The piece …attracted a gratifying amount of attention, although I got the impression that I was preaching to the converted, whose numbers were dwindling. Even if that were so, I got the chance of preaching to a lot more of them when Jill Kitson of the ABC asked me to turn the text into a broadcast… 

The broadcast can be heard at this link: http://bit.ly/dhNym5

James continues:

That melancholy long withdrawing roar you hear in the background is generated by all the surviving members of my generation who were taught to parse a sentence. The text of the piece is filed under "Recent Essays" — two versions of the same doomed campaign. 

The text James refers to can be found at this link: http://bit.ly/bbicwT

I am one generation down from Clive James, but if he is right, I must be one of the endangered species of purists who insist on getting things right in language, as I am dead scared of fuzzy thinking.  I am happy to be so.

Sometimes they make it sound like you’re a useless animal… March 15, 2010

Posted by Alan Yu in Communication.
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A colleague and I changed our travel plans at short notice and decided to take an earlier flight than the one we had booked.  There were no seats available in business class on that flight, so they had to re-book my colleague into economy.  This was the question the kind-hearted person at the service desk put to her colleagues at the gate: “Should I downgrade him first before I send him over?”  After some further exchange, she asked again: “Should I put him down before he comes across?”  Even well-meaning people trying their best to help sometimes make you feel like an animal past its use-by date…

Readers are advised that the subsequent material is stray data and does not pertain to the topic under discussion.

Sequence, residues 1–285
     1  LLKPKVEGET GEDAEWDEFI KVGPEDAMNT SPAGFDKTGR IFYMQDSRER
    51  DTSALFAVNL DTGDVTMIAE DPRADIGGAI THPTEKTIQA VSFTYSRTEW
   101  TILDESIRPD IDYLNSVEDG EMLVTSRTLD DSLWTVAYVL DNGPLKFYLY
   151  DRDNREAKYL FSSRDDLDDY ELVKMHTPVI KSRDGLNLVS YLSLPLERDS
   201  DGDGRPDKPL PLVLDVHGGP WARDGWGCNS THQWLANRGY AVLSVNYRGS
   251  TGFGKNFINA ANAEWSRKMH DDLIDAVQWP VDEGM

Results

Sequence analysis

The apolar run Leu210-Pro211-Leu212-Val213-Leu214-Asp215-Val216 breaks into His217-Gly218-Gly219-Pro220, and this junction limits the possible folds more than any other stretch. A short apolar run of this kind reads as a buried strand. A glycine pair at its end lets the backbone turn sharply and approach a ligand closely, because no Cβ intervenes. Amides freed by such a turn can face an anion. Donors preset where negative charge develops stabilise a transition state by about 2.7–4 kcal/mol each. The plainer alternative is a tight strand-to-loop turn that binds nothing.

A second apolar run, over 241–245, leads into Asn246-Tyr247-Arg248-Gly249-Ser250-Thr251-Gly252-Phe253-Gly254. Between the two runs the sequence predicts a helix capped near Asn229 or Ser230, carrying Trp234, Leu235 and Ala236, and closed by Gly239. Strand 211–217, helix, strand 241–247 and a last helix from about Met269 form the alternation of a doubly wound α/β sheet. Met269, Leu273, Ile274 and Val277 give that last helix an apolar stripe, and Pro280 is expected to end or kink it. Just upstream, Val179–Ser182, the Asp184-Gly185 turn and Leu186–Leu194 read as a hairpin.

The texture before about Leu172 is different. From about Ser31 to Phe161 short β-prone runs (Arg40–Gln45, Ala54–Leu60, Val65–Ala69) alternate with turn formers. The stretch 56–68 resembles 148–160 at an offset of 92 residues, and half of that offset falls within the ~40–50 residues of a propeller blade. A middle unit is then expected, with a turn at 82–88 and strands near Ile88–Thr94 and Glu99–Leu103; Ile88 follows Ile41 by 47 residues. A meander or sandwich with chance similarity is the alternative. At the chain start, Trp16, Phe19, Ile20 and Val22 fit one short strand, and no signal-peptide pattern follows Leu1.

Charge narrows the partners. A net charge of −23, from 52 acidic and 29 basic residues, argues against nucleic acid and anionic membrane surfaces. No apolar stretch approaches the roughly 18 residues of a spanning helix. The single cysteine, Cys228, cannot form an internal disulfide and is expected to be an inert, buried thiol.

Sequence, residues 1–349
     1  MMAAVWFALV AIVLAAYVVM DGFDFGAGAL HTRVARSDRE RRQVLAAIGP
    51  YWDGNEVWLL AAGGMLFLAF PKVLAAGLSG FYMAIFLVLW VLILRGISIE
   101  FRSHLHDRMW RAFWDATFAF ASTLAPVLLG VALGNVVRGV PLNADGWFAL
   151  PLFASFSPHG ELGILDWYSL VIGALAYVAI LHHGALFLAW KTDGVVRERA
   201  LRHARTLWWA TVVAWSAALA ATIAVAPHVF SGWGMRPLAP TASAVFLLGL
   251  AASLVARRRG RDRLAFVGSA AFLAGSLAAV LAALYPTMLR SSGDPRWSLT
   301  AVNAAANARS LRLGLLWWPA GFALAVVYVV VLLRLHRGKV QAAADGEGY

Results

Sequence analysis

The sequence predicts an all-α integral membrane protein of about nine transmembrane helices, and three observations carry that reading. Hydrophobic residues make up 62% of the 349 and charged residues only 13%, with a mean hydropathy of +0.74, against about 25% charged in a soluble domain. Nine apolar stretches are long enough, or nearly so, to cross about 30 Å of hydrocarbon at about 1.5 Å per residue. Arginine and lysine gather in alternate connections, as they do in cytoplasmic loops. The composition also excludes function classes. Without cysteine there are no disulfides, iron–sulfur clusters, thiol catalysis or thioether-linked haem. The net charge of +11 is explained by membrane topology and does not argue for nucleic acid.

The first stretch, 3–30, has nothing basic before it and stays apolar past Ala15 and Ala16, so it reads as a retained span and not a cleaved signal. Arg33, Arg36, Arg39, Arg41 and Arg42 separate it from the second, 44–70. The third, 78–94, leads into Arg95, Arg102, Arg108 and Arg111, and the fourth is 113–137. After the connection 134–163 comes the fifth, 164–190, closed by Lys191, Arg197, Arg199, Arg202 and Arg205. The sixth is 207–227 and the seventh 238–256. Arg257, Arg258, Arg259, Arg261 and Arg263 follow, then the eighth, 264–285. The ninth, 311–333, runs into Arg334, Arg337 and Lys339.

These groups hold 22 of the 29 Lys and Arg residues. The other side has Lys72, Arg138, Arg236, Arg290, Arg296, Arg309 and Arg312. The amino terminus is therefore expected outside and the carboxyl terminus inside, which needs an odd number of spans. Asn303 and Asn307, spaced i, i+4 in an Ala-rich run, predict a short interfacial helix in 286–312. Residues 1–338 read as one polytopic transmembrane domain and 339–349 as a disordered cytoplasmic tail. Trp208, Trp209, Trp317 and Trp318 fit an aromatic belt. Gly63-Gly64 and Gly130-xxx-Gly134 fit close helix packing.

True artistry that reflects the deepest of human emotions and values January 26, 2010

Posted by Alan Yu in Communication.
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In the mail yesterday I received the following message:
This video shows the winner of "Ukraine’s Got Talent", Kseniya Simonova, 24, drawing a series of pictures on an illuminated sand table showing how ordinary people were affected by the German invasion during World War II.  Her talent, which admittedly is a strange one, is mesmeric to watch.
The images, projected onto a large screen, moved many in the audience to tears and she won the top prize of about $130,000.00 
She begins by creating a scene showing a couple sitting holding hands on a bench under a starry sky, but then warplanes appear and the happy scene is obliterated. 
It is replaced by a woman’s face crying, but then a baby arrives and the woman smiles again. Once again war returns and Miss Simonova throws the sand into chaos from which a young woman’s face appears. 
She quickly becomes an old widow, her face wrinkled and sad, before the image turns into a monument to an Unknown Soldier
This outdoor scene becomes framed by a window as if the viewer is looking out on the monument from within a house. 
In the final scene, a mother and child appear inside and a man standing outside, with his hands pressed against the glass, saying goodbye. 
The Great Patriotic War, as it is called in Ukraine, resulted in one in four of the population being killed with eight to 11 million deaths out of a population of 42 million.


Kseniya Simonova says: "I find it difficult enough to create art using paper and pencils or paintbrushes, but using sand and fingers is beyond me. The art, especially when the war is used as the subject matter, even brings some audience members to tears. And there’s surely no bigger compliment."


Please take time out to see this amazing piece of art.
Very moving artistry that brings out deep emotions and the core values of humanity.